Join us for a special conversation with curator Yasmin Ramirez and artists Elaine Reichek and James Romberger to discuss the art and life of Nicolas Moufarrege. The talk centers on Moufarrege’s time in New York City, where he moved in 1981 and became a central figure in the burgeoning East Village arts scene. Speakers reflect on their friendship with Moufarrege, the impact of the AIDS epidemic on his art and others’, and the resonance of his work today.
This talk is co-organized with Visual AIDS on the occasion of Nicolas Moufarrege: Recognize My Sign. Visual AIDS utilizes art to fight AIDS by provoking dialogue, supporting HIV+ artists, and preserving a legacy, because AIDS is not over. In 2016, Visual AIDS published a volume of its DUETS series on Moufarrege’s work, featuring a conversation between Elaine Reichek and Dean Daderko.
Elaine Reichek has been using thread as a core element in her work since the early 1970s, and was a pioneer among conceptual artists in rethinking the role of craft in the fine arts and investigating alternative narratives and histories. Her most recent solo exhibitions include Sight Unseen at Marinaro, New York (2019); Now If I Had Been Writing This Story at Vienna Secession (2018); Invisible Citings at the Addison Gallery of American Art, Phillips Academy, in collaboration with sculptor Jeanne Silverthorne (2017); and Minoan Girls at Shoshana Wayne Gallery, Santa Monica, CA (2016). She lives and works in New York.
Elaine and Nicolas A. Moufarrege were close friends from 1980 until his death in 1985. She co curated a memorial exhibition of Nicolas’s work at the Clocktower Gallery in 1987, along with Bill Stelling, Tim Greathouse, and Cynthia Kuebel.
James Romberger’s pastel drawings are in many private and public collections including those of The Metropolitan Museum of Art and Harvard University. He was the co-director with Marguerite Van Cook of the seminal 1980s East Village installation gallery Ground Zero. He is the Eisner-nominated cartoonist of Post York and co-author of the graphic novels 7 Miles a Second, The Late Child and Other Animals and Aaron and Ahmed. He has written about comics, film and art for Publisher’s Weekly, Comics Journal, The Beat and LAAB. He teaches art at Parsons and Marywood University.
Yasmin Ramirez holds a Ph.D. in Art History from the Graduate Center of the City of New York. Currently an independent curator, Dr. Ramirez has collaborated on curatorial projects with The Bronx Museum, El Museo Del Barrio; The Loisaida Center; The Studio Museum in Harlem, Franklin Furnace and Taller Boricua. Her critically acclaimed exhibitions and panels include: Martin Wong: Human Instamatic (2015); Presente: The Young Lords in New York (2015); The Puerto Rican Art Workers and the Construction of the Nuyorican Art Movement (2014); Re-Membering Loisaida: On Archiving and the Lure of the Retro Lens (2009); Esto A Veces Tiene Nombre: Latin@ Art Collectives in a Post-Movement Millennium (2008); Voices From Our Communities: Perspectives on a Decade of Collecting at El Museo del Barrio (2000); Pressing the Point: Parallel Expressions in the Graphic Arts of the Chicano and Puerto Rican Movements (1999). Yasmin Ramirez’s published essays include: The Young Lords Way (2015); Snap Shots: A Short History of the Association of Hispanic Arts (2013); The Creative Class of Color in New York (2009); The Activist Legacy of Puerto Rican Artists in New York and the Art Heritage of Puerto Rico (2007); Puerto Rican Light: To Allora and Calzadilla (2006); Nuyorican Visionary: Jorge Soto and the evolution of an Afro-Taino aesthetic at Taller Boricua (2005); and Parallel Lives, Striking Differences: Notes on Chicano and Puerto Rican Graphic Arts of the 1970s (1999). She is currently writing a book on art movements in East Harlem.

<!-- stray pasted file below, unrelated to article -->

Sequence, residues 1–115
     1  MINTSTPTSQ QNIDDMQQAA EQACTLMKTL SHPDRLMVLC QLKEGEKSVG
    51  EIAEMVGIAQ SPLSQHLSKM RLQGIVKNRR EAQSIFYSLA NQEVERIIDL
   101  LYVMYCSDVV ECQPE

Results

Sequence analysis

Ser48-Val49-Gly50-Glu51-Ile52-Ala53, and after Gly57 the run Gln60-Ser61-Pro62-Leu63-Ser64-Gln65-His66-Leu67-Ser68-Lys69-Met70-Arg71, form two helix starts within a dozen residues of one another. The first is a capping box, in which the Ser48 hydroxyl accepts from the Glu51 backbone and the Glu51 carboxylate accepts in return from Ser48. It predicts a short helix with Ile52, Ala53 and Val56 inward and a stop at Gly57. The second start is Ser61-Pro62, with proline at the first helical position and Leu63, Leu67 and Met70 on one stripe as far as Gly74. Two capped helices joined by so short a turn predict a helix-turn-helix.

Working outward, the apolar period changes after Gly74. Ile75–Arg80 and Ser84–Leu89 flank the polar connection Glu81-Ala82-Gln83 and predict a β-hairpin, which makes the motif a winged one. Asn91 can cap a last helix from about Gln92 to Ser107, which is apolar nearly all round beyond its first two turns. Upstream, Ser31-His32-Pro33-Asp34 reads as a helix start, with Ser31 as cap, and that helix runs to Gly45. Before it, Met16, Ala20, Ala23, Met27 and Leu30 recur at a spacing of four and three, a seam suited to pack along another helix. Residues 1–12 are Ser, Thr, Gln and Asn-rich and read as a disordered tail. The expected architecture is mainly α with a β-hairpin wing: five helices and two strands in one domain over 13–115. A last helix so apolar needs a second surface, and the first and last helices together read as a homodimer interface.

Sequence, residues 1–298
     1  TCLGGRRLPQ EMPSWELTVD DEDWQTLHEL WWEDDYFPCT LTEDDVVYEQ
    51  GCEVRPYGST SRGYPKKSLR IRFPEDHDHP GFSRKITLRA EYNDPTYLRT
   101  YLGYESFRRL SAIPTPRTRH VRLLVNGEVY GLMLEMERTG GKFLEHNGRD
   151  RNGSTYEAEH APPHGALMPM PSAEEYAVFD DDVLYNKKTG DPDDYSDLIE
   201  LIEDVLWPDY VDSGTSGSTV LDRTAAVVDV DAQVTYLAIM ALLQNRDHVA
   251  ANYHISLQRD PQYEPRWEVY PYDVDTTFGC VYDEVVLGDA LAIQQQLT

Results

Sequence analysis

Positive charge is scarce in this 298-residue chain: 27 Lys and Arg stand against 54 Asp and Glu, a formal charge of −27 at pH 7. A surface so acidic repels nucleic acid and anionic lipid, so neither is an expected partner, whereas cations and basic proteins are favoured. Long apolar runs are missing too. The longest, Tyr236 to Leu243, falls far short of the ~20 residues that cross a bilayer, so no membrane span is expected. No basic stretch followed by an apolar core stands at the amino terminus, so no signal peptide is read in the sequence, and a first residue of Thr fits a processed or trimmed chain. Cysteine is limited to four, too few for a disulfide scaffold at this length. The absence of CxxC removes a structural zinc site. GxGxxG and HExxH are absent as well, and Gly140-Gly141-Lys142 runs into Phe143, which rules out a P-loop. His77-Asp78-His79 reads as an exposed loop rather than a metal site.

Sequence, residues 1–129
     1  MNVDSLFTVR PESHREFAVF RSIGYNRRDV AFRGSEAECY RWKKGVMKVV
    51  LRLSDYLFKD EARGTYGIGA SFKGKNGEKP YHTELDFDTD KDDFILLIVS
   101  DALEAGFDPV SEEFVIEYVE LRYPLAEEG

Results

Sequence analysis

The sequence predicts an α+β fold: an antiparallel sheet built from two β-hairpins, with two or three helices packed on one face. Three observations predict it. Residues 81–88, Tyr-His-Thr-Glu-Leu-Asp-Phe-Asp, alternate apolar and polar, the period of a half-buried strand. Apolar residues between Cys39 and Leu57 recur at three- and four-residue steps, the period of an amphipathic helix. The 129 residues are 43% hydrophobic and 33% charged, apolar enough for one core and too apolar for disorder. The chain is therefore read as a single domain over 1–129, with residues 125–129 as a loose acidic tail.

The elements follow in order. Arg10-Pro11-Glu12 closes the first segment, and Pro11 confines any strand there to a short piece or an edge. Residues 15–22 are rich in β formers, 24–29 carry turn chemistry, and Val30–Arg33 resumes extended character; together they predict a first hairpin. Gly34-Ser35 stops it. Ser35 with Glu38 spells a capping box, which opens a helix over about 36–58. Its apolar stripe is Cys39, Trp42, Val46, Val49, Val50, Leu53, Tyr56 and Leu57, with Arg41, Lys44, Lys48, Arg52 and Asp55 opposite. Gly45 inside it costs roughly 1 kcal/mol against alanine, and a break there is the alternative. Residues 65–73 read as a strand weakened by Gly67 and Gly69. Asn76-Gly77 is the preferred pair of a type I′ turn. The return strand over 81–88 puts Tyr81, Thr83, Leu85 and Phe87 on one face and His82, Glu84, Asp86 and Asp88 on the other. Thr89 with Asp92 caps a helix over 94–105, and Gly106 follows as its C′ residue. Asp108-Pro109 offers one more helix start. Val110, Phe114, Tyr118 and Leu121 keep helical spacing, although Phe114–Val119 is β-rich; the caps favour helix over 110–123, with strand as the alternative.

Image: Nicolas Moufarrege, Music, 1985. Thread, pre-printed needlepoint canvas, fabric, and needlepoint canvas (two pieces). Collection Tim Cone, Washington, DC
Nicolas Moufarrege: Recognize My Sign is organized by Contemporary Arts Museum Houston and curated by CAMH Curator Dean Daderko. CAMH’s presentation was generously supported by Nabil and Hanan Moufarrej and Khaled Salem.
Nicolas Moufarrege: Recognize My Sign at the Queens Museum is made possible by support from Claudia Audi, the Lenore G. Tawney Foundation, and Joumana Rizk. Additional support provided by Judi Roaman and Carla Chammas, and Nayla Hadchiti. Media support provided by BOMB.
Major funding for the Queens Museum is generously provided by the New York City Department of Cultural Affairs, the New York State Council on the Arts with the support of Governor Andrew Cuomo and the New York State Legislature, the Lambent Foundation, the Andrew W. Mellon Foundation, and the Shelley and Donald Rubin Foundation. The official hotel sponsor of the Queens Museum is Boro New York.
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